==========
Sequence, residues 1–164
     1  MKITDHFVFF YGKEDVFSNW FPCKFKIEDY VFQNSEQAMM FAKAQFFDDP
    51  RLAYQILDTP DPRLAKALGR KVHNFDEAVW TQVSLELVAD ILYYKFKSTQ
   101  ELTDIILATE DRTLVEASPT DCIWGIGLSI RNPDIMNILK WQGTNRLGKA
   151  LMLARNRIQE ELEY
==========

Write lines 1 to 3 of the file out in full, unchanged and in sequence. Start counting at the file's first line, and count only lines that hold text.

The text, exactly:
Sequence, residues 1–164
     1  MKITDHFVFF YGKEDVFSNW FPCKFKIEDY VFQNSEQAMM FAKAQFFDDP
    51  RLAYQILDTP DPRLAKALGR KVHNFDEAVW TQVSLELVAD ILYYKFKSTQ